Sitecore Symposium 2019: Key Improvements Made to SXA | Perficient Digital

Sitecore Symposium 2019: Key Improvements Made to SXA

Senior Sitecore Product Manager Adam Najmanowicz and Senior Sitecore Tech Evangelist Mark van Aalst gave an update on three key improvements made to the upcoming release of SXA.

In addition to full JSS integration and a demo of a new, out-of-the-box filtering search component, Adam described changes made to the platform around the front end workflow. Largely as a result of community feedback, the new workflow empowers front end developers to have more control over markup and delivers both extensible tooling and improved documentation.

Delivering Value by Improving Front End Workflows in SXA

One announcement made is a release of updated and more comprehensive documentation of SXA OOTB components coinciding with the next release.

Additional offerings include a JSS-like CLI for an improved workflow. Generally speaking, the new workflow follows this process:

Create a theme >

Adjust theme settings >

Download the theme as NPM packages >

Setup project folder >

Creative Exchange configuration

What stands out about this improved tooling and tasking is that it offers an experience more consistent with the JSS approach and uses more modern techniques than before. Also exciting to hear was Sitecore releasing the OOTB components as npm packages!

Additionally, the only theme media files stored will be the optimized (or pre-optimized) assets. This cuts down on importing pre-built JavaScript and Sass files.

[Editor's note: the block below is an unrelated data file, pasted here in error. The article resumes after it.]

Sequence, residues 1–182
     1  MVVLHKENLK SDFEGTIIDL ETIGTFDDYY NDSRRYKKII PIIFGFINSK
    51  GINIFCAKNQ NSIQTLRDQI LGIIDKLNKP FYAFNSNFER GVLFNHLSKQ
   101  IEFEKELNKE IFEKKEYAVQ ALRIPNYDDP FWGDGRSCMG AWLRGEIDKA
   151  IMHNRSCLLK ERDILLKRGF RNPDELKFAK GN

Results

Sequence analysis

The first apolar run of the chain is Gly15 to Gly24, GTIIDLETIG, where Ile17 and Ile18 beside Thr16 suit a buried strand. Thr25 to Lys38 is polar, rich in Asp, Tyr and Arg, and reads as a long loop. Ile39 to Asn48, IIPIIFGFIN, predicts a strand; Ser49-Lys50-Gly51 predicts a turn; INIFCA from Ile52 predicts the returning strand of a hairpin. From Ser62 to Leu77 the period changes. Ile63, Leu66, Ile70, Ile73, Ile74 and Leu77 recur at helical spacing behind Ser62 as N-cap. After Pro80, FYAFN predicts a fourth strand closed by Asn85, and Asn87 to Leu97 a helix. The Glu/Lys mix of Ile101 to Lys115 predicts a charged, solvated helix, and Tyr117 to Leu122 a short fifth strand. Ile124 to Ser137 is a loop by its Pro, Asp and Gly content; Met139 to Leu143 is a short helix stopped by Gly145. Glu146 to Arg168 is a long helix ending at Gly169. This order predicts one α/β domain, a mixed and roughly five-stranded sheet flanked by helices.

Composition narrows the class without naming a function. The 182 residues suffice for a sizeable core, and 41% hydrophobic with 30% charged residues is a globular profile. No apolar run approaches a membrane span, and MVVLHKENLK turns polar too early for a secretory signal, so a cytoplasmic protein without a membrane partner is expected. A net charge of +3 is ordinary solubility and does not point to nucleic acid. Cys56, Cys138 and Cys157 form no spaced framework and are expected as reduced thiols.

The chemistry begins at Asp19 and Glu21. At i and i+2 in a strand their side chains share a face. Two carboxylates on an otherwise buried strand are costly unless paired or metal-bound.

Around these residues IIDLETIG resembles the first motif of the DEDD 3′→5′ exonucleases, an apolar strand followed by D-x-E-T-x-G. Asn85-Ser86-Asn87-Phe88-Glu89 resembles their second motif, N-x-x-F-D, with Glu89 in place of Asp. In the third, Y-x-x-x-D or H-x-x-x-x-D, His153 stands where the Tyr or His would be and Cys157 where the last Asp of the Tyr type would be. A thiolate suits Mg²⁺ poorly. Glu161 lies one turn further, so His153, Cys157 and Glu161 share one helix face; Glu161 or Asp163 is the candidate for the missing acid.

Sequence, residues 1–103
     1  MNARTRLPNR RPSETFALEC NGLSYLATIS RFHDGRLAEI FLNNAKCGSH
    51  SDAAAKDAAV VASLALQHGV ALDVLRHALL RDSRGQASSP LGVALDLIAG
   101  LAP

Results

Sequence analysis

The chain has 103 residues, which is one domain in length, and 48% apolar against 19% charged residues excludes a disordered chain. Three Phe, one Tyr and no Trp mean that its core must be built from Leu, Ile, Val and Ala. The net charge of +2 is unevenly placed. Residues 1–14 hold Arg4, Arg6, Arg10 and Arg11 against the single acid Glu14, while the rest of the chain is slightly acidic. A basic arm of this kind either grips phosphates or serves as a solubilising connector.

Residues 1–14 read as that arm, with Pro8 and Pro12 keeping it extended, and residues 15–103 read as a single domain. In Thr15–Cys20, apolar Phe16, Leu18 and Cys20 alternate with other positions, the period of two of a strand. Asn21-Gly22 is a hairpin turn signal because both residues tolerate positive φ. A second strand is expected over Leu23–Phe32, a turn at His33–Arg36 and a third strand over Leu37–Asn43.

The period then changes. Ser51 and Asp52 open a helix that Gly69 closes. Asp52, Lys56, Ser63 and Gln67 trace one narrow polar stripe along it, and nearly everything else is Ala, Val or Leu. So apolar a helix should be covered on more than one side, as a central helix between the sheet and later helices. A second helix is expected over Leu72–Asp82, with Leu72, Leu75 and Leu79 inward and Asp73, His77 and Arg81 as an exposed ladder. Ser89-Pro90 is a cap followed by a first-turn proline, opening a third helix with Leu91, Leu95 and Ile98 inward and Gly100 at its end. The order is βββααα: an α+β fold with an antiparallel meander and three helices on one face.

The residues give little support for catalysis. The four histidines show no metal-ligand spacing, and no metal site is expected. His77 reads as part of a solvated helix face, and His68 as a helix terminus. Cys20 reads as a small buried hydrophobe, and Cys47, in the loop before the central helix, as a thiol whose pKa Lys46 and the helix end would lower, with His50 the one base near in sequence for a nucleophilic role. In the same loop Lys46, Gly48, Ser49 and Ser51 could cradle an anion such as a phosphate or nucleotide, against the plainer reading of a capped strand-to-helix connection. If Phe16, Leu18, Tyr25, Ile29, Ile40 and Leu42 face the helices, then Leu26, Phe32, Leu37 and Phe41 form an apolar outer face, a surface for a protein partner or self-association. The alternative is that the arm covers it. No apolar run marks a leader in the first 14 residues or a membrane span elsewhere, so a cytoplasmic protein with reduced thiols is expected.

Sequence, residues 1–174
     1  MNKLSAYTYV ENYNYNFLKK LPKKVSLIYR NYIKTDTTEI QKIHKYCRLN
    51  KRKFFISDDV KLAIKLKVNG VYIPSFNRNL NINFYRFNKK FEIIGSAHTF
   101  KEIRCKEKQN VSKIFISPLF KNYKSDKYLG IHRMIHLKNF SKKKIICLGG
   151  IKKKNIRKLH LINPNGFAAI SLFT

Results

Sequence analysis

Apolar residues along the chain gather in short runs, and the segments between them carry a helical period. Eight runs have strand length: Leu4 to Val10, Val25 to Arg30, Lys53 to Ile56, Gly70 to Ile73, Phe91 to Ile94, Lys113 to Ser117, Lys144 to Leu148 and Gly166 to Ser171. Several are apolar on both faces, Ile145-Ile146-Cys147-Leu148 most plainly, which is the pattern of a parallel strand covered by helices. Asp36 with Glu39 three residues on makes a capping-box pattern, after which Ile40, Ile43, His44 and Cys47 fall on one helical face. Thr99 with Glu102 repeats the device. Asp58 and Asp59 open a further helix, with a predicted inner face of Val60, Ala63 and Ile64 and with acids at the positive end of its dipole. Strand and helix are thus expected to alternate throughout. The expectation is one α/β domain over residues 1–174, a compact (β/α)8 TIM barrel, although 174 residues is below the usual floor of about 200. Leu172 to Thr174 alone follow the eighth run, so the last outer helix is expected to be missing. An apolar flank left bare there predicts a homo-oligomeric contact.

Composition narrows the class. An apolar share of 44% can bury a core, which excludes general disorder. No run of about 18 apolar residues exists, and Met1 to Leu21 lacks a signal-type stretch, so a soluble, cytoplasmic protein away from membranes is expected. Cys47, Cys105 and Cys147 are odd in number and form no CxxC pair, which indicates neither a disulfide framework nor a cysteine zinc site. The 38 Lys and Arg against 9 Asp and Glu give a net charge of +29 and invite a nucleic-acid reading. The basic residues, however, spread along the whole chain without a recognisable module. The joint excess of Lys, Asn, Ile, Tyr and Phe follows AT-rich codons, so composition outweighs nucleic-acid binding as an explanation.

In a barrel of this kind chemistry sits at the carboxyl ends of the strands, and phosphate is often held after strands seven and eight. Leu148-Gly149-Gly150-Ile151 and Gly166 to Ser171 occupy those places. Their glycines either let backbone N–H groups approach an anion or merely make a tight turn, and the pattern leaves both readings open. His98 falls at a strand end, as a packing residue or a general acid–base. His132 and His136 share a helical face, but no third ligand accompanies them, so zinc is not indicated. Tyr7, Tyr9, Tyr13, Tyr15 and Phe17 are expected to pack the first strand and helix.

Scriban Templating

The big announcement was the new adoption of the .NET text templating language called Scriban. This will allow front end dev’s to utilize a more familiar, Mustache-like templating experience, thus removing barriers from the Razor templating engine the relies on a more C#-like syntax.

This lightweight engine has a similar syntax and implementation to other .NET templating engines, but with a performance boost:

Scriban Perf

Front end dev’s can also use this templating in their automated workflow and import it along with the theme. There is even a Visual Studio Code extension that provides syntax highlighting and Intellisense.

This will allow more flexibility when it comes to implementing rendering variants. For example, it allows for simplifying a multi/nested item approach with just one Variant Definition item.

Sitecore is including many pre-built functions and pipes for accessing content data, while providing the flexibility for the creation of custom functionality.

Takeaway

It seems that Sitecore has taken much of the feedback to heart, offering an enhanced experience that empowers front end developers. This will ultimately position us to provide more value for our clients with faster delivery, a reduction of overhead and a more modern approach.

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